The South China Sea dispute has heated up more recently when the United States of America (USA) and China sent their combat fleets to the territory disputed by China and a number of ASEAN countries. Naval military maneuvers, especially both China and the USA fighting for influence in the region almost occur. On March 22, hundreds of ships belonging to China were seen in the disputed area of the South China Sea. The Philippine Defense Minister, Delfin Lorenzana protested against China which was considered to have invaded because it entered Philippine waters. The Philippine coast guard has detected the presence of these vessels on Whitsun Reef, about 320 kilometers from Palawan Island, since March 7. The United States immediately expressed its support for the Philippines, which has long been known as its trading partner in Asia. The American Embassy in Manila said it supported the Philippines' call to urge Chinese ships to immediately leave the Whitsun Reef area. Meanwhile, China ignored the call by insisting that its ships were in offshore territory.
In response to this, Indonesia and other countries bordering with the South China Sea should continue to campaign for joint responsibility to maintain security in the disputed area. This is in line with the position of prioritizing peace and security in the South China Sea region that has been taken so far. Because if the actions of these Chinese ships are responded to by the USA, the potential for open conflict will be more likely to occur. It is time for the related parties or countries that campaign for peace and security in the South China Sea to take a strategic role. It is hoped that in this case, China will be more able to place its position in the territorial waters of the South China Sea.
The Bank Indonesia (BI) Board of Governors Meeting on 17-18 March 2021 decided to keep the benchmark interest rate, or the BI 7-Day Reverse Repo Rate at 3.5 percent. On February 18, BI announced a cut in interest rates from 3.75 percent to 3.5 percent. Since the beginning of last year, BI has cut its benchmark interest rate by 150 basis points (bps). This 3.5 percent figure is the lowest interest rate of BI in the history since Indonesia’s independence.
According to Governor of the Central Bank (BI), Perry Warjiyo, this decision is in line with the need to maintain the stability of the Rupiah exchange rate from the increasing uncertainty of global financial markets, amid the predicted low inflation. In addition, BI also maintains the Deposit Facility rate at 2.75 percent and the Lending Facility rate at 4.25 percent as the economic recovery process continues.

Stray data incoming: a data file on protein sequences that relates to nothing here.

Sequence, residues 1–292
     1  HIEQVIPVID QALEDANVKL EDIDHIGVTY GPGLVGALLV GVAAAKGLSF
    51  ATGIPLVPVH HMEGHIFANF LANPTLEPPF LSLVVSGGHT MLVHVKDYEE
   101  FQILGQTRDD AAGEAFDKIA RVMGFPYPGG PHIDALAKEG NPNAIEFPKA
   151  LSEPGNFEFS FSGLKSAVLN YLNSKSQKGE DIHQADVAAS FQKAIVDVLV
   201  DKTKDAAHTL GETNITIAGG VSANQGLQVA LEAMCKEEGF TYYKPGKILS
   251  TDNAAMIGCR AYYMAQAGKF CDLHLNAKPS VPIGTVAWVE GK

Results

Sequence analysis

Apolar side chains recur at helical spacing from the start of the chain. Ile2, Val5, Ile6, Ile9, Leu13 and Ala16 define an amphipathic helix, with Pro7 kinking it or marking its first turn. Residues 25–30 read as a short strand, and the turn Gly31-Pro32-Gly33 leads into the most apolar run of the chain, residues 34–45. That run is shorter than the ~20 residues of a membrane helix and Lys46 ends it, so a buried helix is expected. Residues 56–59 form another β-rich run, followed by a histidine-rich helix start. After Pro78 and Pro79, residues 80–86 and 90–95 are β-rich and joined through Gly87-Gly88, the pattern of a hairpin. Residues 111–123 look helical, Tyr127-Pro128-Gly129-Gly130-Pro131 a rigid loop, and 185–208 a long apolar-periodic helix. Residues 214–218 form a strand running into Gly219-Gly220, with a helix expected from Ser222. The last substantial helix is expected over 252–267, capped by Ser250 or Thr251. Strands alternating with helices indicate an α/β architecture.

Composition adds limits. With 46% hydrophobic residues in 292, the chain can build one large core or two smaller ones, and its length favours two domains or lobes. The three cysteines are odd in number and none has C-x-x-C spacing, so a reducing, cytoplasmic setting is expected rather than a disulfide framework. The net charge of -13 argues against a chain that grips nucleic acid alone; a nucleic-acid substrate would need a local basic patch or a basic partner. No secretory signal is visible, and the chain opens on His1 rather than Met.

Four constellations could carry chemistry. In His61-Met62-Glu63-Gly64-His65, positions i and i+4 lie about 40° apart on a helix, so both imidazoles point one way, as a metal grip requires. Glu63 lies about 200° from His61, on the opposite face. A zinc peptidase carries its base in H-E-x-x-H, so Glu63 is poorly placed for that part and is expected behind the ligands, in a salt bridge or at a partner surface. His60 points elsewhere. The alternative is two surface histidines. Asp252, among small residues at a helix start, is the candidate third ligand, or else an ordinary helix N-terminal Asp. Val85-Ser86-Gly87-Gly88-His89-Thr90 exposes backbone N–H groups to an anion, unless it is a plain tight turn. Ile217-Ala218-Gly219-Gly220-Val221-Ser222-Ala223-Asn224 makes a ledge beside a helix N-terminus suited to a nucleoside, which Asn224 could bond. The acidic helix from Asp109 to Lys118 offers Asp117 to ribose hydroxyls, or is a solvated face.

To support the sustainability of the national economic recovery, Bank Indonesia will also further optimize accommodative macro-prudential policies, accelerate money market deepening, support international policies, and digitize the payment system. In line with this, BI is taking policy steps as a follow-up to the synergy of the Financial System Stability Committee's policies in an Integrated Policy Package for Increasing Business Financing. In addition, it continues to strengthen policy coordination with the Government to accelerate the distribution of credit / financing from banks to the business world, especially in priority sectors that support economic growth in the context of national economic recovery.
The statement from the US Central Bank (Federal Reserve) regarding no indication of raising the benchmark interest rate until 2023 is a breath of fresh air for currency movements in developing countries, including Indonesia. If Bank Indonesia follows this step, the Rupiah is expected to strengthen again this year after being under enough pressure throughout 2020. Thus, it is hoped that the process of economic recovery can be faster.
Indonesia was excluded from the All England 2021 Badminton competition because on a flight that was boarded by Indonesian athletes from Istanbul to Birmingham, a passenger tested positive for Covid-19. Certainly, this is not good news for Indonesia.
Amid the Covid-19 pandemic, this prohibition makes sense if it is applied equally to other participants. However, the fact is that some participants from other countries, who are on the same plane, can still participate in the match. Has the Badminton World Federation -BWF acted discriminatively against the Indonesian contingent? BWF stated that the decision for the Indonesian badminton contingent to self-isolate was not theirs. It was made directly by the National Health Service (NHS) of the British Government, which saw the Indonesian team being on one plane with a passenger who was positive for Covid-19. The NHS also gave a message to all Indonesian team players and officials to undergo quarantine for 10 days. Even though all Indonesian players have carried out a series of tests and the results are negative. The isolation rules are also applied to Indonesian players, such as Hendra / Ahsan, Jonatan Christie and Kevin / Marcus who have come out as winners in the first round of All England 2021.